Wednesday, April 22, 2015

Detention of Motorist after a Motor Vehicle Stop Without Further Probable Cause Is Unlawful United States Supreme Court Says.

In Rodriguez vs. United States decided on January 21, 2015, the United States Supreme Court held that detaining a motorist after a motor vehicle stop has been concluded violated the motorist’s Fourth Amendment rights to unreasonable search and seizure and all the narcotics seized would have to be suppressed.

In this case Mr. Rodriguez refused to consent to have a drug sniffing dog walk around his vehicle. Accordingly, the police officer on the scene called for backup. The court following Illinois v. Caballes, 543 U.S. 405, 407 (2005) held that the authority for the police to seize a motor vehicle during a motor vehicle stop for a traffic infraction ends when it did, or reasonable should have ended.  In Illinois v. Caballes the court held that it is permissible to have a drug sniffing dog sniff the exterior of the automobile during the automobile stop.

However, in Rodriguez v. United States the court held that permitting such K9 sniffing can only occur during the period of time of the automobile stop period, which must be a reasonable time period.  In other words, as long as it was reasonable to make the stop, obtain driving credentials, and issue the motor vehicle summons.  Any delay without further probable cause would be unreasonable and therefore unlawful.  The Fourth Amendment does not permit unrelated investigations that lengthen the roadside detention.  Waiting for a K9 dog sniff would be such a prolonged further investigation that is not permitted unless further reasonable suspicion or probable cause can be found.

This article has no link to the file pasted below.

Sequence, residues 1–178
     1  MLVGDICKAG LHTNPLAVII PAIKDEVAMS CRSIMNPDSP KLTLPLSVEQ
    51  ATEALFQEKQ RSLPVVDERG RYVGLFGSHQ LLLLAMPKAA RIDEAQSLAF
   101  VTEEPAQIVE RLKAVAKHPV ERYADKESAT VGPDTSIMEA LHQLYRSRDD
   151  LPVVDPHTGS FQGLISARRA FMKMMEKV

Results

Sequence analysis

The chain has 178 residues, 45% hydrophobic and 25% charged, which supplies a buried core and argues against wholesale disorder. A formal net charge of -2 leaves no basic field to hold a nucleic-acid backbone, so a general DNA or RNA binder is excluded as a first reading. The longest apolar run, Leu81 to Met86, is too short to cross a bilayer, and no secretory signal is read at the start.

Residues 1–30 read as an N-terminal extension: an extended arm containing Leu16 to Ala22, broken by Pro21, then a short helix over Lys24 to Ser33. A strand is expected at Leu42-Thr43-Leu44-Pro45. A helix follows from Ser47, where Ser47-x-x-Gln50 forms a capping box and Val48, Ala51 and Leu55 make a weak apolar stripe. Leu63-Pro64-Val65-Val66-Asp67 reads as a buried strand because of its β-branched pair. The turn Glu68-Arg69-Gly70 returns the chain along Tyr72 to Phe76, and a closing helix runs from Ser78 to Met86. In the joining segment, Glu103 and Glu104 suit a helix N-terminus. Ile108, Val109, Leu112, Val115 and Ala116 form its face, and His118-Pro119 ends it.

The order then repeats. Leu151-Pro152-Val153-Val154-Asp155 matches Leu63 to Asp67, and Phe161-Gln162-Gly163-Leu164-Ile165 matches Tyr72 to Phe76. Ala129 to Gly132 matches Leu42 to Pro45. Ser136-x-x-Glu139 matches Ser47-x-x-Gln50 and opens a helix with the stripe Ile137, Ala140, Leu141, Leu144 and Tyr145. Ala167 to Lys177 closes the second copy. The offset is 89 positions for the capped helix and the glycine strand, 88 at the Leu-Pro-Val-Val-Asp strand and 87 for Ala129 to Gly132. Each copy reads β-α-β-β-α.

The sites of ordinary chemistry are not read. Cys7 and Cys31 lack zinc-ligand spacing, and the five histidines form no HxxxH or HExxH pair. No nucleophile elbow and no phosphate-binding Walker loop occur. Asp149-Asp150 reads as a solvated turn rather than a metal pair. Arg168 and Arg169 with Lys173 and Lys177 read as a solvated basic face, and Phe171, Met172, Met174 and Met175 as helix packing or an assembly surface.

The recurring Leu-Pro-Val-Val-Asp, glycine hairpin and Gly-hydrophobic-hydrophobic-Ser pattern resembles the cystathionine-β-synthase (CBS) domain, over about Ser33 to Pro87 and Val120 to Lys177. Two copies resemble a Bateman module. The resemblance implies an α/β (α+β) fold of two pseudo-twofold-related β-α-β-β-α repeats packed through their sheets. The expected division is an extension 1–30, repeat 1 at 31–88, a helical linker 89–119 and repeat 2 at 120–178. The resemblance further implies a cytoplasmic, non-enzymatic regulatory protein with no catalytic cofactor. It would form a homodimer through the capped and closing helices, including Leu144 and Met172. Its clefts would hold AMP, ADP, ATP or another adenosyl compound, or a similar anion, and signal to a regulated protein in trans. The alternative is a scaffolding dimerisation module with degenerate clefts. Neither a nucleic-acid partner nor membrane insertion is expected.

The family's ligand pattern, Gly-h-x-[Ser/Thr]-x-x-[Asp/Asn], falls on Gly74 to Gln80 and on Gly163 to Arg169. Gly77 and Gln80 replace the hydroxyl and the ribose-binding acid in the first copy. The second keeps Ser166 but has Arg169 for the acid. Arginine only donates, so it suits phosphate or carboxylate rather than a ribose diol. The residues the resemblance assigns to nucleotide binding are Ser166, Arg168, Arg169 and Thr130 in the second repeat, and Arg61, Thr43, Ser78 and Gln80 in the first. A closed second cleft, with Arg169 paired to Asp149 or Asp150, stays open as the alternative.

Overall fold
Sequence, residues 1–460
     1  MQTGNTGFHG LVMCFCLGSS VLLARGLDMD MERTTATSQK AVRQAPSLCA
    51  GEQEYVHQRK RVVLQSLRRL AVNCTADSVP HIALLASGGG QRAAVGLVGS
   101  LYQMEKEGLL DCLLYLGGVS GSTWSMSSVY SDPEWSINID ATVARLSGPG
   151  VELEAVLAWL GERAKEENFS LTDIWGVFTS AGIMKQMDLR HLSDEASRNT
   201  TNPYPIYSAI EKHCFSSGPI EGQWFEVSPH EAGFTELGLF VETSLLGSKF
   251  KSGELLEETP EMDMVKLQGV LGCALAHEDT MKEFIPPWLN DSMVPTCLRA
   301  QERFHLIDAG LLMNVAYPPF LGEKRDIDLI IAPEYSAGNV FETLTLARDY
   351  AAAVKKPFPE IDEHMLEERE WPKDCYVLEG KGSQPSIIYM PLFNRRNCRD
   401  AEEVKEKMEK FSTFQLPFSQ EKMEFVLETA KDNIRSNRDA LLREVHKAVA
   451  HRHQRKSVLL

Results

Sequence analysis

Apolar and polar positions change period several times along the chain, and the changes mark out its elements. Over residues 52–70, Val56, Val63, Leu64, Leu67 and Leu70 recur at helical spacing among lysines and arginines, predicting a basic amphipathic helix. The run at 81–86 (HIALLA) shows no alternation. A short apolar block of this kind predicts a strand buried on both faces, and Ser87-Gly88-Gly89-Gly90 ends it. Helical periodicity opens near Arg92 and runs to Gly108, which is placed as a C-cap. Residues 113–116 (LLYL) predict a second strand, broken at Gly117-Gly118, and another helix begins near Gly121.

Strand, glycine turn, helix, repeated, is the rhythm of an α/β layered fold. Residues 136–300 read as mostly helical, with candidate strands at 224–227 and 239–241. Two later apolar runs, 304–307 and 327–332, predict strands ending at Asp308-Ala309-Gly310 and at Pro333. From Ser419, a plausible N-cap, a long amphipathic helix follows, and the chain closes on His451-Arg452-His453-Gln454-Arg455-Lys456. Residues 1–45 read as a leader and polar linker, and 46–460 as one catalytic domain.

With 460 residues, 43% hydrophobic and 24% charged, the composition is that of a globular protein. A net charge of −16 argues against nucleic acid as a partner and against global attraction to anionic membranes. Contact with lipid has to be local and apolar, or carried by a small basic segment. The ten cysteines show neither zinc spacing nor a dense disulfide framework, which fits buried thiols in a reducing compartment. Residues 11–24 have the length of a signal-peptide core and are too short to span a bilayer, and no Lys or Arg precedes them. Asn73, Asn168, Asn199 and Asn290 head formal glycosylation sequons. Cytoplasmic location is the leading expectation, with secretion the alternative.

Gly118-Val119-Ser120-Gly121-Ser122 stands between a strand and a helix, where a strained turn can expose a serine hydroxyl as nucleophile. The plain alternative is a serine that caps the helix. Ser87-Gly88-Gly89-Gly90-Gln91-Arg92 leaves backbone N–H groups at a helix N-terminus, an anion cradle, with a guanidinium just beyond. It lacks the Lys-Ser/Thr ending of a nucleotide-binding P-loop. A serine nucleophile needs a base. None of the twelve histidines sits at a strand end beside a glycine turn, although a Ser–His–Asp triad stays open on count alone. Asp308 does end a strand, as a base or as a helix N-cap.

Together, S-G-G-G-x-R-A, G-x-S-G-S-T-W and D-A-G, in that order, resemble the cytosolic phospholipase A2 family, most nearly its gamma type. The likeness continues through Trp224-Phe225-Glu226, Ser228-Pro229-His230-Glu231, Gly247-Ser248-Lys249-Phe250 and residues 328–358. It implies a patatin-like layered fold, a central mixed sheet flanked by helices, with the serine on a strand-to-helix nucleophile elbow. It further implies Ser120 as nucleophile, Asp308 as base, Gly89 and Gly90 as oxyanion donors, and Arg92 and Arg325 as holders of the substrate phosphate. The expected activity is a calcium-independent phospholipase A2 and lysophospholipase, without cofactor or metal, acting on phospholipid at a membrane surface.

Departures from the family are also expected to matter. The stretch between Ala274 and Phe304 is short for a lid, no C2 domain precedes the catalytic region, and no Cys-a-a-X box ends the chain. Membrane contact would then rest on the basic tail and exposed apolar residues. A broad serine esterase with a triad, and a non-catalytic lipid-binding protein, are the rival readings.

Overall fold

In this case the patrol officer who conducted the motor vehicle stop had in his patrol vehicle a K9 drug sniffing dog.  After the motor vehicle ticket was issued, the officer asked Rodriguez whether he would permit his K9 to walk around his vehicle.  Rodriguez said no.  Because of the refusal the officer called for back-up, and in about 8-minutes a second officer arrived and the K9 walk around took place.  The court held that without consent the 8-minute wait for the second officer was unreasonable and the CDS (controlled dangerous substances) found in Rodriguez vehicle was suppressed.  What is very remarkable in this case is that the court said that only an 8-minute delay was unreasonable.

This case is very helpful to the defense because often local and State police departments will detain motorist for long time periods in order to secure to scene of the motor vehicle stop drug sniffing K9 unit.  This case is clear and sets forth a bright line rule that any detention outside the normal motor vehicle stop is no longer permitted.  This case however does not address the issue as to how long that period of time would be if the police have additional reasonable suspicion or probable cause to detain the motorist.

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